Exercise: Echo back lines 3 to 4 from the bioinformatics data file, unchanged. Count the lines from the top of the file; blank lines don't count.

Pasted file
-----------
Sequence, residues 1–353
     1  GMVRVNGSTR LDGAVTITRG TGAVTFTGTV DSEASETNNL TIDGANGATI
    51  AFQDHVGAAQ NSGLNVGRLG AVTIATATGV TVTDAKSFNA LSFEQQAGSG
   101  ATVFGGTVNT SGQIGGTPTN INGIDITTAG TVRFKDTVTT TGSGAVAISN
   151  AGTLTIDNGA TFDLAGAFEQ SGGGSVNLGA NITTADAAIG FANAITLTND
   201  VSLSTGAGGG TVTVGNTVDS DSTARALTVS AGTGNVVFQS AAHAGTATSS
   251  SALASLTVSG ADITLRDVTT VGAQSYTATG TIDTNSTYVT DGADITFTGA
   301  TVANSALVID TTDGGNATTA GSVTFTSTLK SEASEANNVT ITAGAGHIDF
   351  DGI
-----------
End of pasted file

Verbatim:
    51  AFQDHVGAAQ NSGLNVGRLG AVTIATATGV TVTDAKSFNA LSFEQQAGSG
   101  ATVFGGTVNT SGQIGGTPTN INGIDITTAG TVRFKDTVTT TGSGAVAISN